From a margin and cash flow perspective, we are making good progress on cost reduction and capital efficiencies. Compared with 2022, our fixed costs net of depreciation and amortization will be down $2 billion as we exit 2024, which will offset the higher impact -- the impact of higher labor costs. We are also beginning to see savings from winning with simplicity and all of our current and future programs have embraced this very important way of designing products. Each team is responsible for creating trim series that make vehicles easy to order, with the content customers want and far fewer standalone options.
By making more equipment standard and trim series with logical price swaps, we can eliminate literally thousands of unique part numbers and dozens of software releases. For example, we have eliminated over 1,000 selectable options across our current and near-term product programs, which is reducing hardware, software, ordering and manufacturing complexity and importantly, all the costs associated with them. In 2024, the savings are expected to be about $200 million. To be clear, we're talking about $200 million of savings to execute the same product plan. These savings will grow over time as we apply the discipline to future products like our next-generation full-size pickups.
We are also continuing to balance capital priorities and consistent free cash flow generation. We expect that our 2024 capital spending will be in the $10.5 billion to $11.5 billion, which is roughly flat year-over-year and down considerably from the $13 billion top of our end initial 2023 guidance. Our forward plans include bringing our plug-in hybrid technology to select vehicles in North America. Let me be clear, GM remains committed to eliminating tail-pipe emissions from our light-duty vehicles by 2035, but in the interim, deploying plug-in technology and strategic segments will deliver some of the environmental benefits of EVs as the nation continues to build its charging infrastructure.
We are timing the launches to help us comply with the more stringent fuel economy and tail-pipe emissions standards that are being proposed. And we plan to deliver the program in a capital and cost-efficient way because the technology is already in production in other markets. We'll have more to share about this down the road.
Moving to Cruise. Last week, we released the results of the third-party reviews and we've already begun to implement significant changes to build a better Cruise. We are committed to earning back the trust with our regulators and the public through our actions. Our planned 2024 investment in Cruise reflects our more deliberate and cadence go-to-market strategy, and we are developing new financial targets and a new roadmap. Spending will be down considerably this year, but we will continue to invest in the people who are advancing the software, specialized hardware and AI capabilities. This reflects our commitment to our vision, which is to deliver the safety benefits of self-driving technology and a scalable profitable business. I look forward to sharing our timetable for returning Cruise AVs to the road soon.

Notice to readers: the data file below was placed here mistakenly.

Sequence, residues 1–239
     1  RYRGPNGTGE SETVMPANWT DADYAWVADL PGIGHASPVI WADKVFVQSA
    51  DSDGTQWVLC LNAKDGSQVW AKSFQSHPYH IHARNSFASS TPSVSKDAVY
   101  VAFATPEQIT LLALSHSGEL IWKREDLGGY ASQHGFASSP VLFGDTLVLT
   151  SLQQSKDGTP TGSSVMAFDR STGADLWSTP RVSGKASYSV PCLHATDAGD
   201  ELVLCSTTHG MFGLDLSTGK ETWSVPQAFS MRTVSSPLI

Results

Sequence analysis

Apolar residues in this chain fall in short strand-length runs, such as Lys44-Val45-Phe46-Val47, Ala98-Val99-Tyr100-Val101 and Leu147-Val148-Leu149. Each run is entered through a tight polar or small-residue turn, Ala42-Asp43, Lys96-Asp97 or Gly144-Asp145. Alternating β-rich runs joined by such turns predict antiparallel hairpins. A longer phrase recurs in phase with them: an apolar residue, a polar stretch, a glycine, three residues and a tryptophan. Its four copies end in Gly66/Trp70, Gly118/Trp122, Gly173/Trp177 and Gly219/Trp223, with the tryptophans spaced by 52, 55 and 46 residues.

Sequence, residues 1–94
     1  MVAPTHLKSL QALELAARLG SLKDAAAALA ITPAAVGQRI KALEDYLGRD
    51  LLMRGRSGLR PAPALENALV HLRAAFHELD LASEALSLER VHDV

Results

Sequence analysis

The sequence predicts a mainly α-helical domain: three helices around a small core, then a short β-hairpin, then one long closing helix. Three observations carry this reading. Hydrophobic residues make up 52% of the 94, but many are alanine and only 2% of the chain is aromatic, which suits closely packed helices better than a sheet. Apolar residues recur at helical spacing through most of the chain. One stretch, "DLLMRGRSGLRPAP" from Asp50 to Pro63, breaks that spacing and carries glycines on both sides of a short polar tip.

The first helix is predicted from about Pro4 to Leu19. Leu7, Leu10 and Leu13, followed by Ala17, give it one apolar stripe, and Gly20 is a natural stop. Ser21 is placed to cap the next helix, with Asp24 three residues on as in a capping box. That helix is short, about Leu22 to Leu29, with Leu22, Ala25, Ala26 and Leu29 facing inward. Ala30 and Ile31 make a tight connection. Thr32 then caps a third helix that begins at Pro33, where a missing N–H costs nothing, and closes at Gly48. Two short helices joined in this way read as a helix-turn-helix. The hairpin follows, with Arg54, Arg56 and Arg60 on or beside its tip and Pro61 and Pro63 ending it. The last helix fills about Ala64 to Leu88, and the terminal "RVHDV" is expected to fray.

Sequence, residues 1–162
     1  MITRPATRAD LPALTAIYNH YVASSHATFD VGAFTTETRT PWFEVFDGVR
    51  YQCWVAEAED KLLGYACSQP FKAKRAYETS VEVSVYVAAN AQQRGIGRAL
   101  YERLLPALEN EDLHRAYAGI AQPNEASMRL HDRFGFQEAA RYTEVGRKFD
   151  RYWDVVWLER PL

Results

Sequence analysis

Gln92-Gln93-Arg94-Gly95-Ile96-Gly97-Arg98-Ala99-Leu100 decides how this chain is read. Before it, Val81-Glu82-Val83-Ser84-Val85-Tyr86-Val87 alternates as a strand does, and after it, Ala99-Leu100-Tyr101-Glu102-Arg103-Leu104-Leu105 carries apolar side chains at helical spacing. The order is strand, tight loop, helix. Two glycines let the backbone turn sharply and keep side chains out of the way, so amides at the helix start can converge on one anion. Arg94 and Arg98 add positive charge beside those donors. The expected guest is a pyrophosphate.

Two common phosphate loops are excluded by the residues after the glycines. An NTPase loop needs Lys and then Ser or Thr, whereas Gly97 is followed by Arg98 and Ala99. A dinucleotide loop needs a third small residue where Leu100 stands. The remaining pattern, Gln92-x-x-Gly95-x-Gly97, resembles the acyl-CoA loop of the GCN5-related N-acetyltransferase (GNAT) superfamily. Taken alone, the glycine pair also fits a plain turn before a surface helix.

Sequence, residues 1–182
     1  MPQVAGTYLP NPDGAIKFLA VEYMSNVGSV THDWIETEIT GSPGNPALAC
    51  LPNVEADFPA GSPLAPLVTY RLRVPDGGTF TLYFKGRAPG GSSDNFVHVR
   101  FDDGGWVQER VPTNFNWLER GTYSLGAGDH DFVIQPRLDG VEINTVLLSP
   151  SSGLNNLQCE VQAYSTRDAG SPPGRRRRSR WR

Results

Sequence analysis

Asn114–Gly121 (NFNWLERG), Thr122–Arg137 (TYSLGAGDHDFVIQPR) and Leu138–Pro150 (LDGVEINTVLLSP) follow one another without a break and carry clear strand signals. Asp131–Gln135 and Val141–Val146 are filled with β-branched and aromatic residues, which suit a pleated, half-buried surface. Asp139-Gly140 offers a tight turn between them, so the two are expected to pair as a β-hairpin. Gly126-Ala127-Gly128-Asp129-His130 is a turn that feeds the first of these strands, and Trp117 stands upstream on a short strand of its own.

To summarize, we learned a lot in 2023 and those learnings are helping us build our strengths and addressing our challenges. Everyone on the team is committed to building on our momentum and creating shareholder value. You'll see in our proxy statement this spring, executive compensation is tied even more closely to delivering our comprehensive ICE, EV, AV and software plans while meeting our financial targets. So our goals are truly aligned with yours.
Before I turn the call over to Paul, I would like to share some thoughts about our next Investor Day. Because of the significant changes that are underway at GM and Cruise, we think it makes sense to wait until later in the year to host an event. This will give our software team the time to focus on software for our upcoming launches, and we will be able to share more tangible proof points on all four pillars of our strategy, ICE, EV, AV and software. When we do get together, we will show you what we've done, not just tell you what we're going to do. In the meantime, we've already provided a roadmap for EV profitability in 2025 and we'll share updates on Cruise as we finalize the technology and relaunch plans.
With that, I will turn it over to Paul to go through our 2023 financials and provide more details on our 2024 outlook. Then we'll take your questions.